Bummin’ you out since ’98
Dabbling in death, doom and dissonance, Kansas City alt-metal outfit, The Casket Lottery, released their fifth full-length, Short Songs for End Times, a few days ago. As a comeback after an eight-year hiatus, it’s relatively terse, clocking in at 38 minutes, but, the title belies itself, as most songs are not that short.
Setting the aperture on the cover artwork, it shows a figure walking through a cloud-tunnel towards a light emanating out of the end in a black-and-white sky. As time dwindles and the end approaches, it’s their onus to send their message out before the mushroom cloud consumes all.
The first track wastes no such time. Lead singer, Nathan Ellis, belts out a couple lines then pauses for the crackling guitars’ affirmative response in “You Are A Knife.” He’s using his remaining time to rectify all those loose ends. “That’s what you get!” Ellis squalls to the victim of some revenge machination, all atop emphatic muted guitar strums.
Justice now dealt, it shifts to the hopelessness of the world. He perceives “no common ground” in “Big Heart Closed Mind,” shaking his head at the truth that “you just can’t be right all the time,” perhaps also alluding to the riven US. He fatalistically accepts this truth in the more self-possessed track “Sisyphus Blues” as the proverbial boulder as the track centers upon harmonic litanies that glide into stern power chord vagaries. Realizing that there are “no resolutions, nothing to gain,” “Born Lonely” sinks deeper into the despair created in the previous tracks and adopts pessimism in the querulously-sang lines “there won’t be a happy ending, I was never good at pretending” all accompanied by a rapid, nasally guitar.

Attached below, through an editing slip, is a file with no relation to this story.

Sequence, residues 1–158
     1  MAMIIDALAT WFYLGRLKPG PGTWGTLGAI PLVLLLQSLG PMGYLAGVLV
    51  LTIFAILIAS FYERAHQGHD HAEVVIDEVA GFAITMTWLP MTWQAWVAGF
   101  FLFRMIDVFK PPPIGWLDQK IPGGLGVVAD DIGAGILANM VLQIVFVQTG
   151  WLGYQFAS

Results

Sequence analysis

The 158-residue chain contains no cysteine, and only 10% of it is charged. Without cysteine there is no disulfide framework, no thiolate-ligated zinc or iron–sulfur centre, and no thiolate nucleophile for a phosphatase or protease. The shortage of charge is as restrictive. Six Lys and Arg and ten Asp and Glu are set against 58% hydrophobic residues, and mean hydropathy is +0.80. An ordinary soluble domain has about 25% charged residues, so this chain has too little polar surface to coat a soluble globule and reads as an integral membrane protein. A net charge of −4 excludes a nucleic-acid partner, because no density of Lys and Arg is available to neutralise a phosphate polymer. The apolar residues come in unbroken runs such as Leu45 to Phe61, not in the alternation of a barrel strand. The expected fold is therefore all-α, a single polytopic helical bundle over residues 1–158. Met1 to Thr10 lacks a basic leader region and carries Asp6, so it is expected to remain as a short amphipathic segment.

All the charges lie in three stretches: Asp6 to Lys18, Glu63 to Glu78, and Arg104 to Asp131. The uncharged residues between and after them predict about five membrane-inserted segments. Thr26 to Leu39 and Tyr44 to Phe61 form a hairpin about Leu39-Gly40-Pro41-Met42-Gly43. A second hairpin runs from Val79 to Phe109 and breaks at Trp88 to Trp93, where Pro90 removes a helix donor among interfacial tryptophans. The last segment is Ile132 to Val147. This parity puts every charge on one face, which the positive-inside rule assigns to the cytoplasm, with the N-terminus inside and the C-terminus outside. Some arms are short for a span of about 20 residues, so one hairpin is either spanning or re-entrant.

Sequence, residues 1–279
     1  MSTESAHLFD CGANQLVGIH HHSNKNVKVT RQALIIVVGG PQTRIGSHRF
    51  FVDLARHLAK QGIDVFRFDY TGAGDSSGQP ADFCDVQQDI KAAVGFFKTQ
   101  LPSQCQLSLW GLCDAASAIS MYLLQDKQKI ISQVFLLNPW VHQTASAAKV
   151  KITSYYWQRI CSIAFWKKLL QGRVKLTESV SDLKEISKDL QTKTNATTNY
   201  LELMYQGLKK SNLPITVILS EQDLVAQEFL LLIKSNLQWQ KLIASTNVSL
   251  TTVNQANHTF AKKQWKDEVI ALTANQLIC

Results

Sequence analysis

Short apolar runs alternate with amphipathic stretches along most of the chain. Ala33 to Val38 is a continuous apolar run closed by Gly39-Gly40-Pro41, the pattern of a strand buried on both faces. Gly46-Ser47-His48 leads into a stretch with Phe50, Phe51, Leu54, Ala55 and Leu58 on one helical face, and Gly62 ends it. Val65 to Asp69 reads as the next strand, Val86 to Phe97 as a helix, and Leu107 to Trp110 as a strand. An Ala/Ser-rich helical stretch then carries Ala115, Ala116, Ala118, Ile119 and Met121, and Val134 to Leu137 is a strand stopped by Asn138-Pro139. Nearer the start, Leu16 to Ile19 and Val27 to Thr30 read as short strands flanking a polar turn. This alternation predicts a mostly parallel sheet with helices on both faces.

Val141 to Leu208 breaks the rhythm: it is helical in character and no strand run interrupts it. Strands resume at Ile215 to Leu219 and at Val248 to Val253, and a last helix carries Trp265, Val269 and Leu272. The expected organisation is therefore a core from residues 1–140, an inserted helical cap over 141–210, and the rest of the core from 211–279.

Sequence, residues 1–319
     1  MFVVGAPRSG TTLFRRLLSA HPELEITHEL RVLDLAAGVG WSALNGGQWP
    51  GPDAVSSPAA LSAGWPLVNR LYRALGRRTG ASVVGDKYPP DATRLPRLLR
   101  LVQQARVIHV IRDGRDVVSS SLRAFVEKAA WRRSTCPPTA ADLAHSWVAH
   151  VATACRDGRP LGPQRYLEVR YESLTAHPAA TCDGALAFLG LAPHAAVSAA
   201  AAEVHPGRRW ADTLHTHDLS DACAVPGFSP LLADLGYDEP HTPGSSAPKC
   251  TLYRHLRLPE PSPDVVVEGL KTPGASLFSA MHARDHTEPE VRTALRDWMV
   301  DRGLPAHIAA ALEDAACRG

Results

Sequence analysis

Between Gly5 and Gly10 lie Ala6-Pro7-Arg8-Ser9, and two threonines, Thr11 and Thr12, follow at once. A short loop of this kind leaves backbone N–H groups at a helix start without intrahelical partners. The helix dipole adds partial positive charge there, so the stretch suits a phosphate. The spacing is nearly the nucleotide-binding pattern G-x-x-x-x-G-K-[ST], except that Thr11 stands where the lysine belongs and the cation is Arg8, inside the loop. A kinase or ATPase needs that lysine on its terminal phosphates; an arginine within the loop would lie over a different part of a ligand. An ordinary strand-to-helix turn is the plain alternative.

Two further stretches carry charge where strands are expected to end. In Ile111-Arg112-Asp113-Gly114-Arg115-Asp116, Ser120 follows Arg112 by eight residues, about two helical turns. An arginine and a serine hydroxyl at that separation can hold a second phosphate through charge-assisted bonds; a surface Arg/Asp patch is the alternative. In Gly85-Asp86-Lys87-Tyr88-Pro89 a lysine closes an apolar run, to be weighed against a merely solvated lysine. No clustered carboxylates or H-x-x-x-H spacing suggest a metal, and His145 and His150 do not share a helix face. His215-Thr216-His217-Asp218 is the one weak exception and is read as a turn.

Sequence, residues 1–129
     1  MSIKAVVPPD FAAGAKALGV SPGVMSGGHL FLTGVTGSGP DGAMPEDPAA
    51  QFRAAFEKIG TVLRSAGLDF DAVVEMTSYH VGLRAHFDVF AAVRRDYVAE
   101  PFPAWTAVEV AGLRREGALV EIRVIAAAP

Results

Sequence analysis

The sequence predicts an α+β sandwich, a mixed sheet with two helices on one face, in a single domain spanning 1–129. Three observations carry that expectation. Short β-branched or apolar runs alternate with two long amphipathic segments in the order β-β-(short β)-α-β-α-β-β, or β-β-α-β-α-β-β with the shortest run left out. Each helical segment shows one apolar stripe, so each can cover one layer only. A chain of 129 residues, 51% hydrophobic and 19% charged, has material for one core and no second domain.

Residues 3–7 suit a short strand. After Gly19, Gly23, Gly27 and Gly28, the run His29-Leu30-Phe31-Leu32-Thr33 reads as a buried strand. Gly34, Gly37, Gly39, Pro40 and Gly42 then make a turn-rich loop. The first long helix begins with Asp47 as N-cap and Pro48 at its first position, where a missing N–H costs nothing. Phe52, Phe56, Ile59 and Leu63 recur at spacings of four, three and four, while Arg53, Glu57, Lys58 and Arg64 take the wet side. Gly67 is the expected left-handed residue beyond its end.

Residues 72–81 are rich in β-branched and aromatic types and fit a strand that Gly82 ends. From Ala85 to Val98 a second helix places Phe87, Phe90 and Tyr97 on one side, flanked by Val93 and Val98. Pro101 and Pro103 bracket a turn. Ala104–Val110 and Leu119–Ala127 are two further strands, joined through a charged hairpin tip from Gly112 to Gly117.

The prospect doesn’t get any better as it progresses. “Everything Is Broken” apostrophizes a John Doe as “so near-sighted, with such a narrow view,” likely hinting at contemporary politics or some irreconcilable chauvinist within contemporary politics. At this point, the protagonist has become the embodiment of disenchantment and the presentiment that a doomed end is nigh becomes ever more real to him.
Ellis then sums it up, advising the auditor to try on apathy, see if it fits. It’s a one-size-fits-all type of garment. But remember, time is running out, so “hurry up and feel nothing,” he urges in “Feel Nothing.” Although it’s probably just a derisive sally at the audience, being benighted means not having to feel all those nastier emotions but also at the price of the ones that make life worthwhile. Choose the blue pill.
According to their official Facebook page, the “About” subsection reads “bummin’ you out since ’98,” but the page’s banner photo shows all the members of the band sporting some mostly affable visages. The Casket Lottery are not at all like the persona concocted in their songs. Reading their one-lined manifesto and phalanx of faces confirms their tongue-in-cheek styled act. They’re not bummed out, but they do get a kick out of bumming you out.
By the granular instrumentation coupled with the bleak and anodyne lyrics, Short Songs for End Times certainly leaves people feeling bummed out and without even the chance to grieve it before the boom.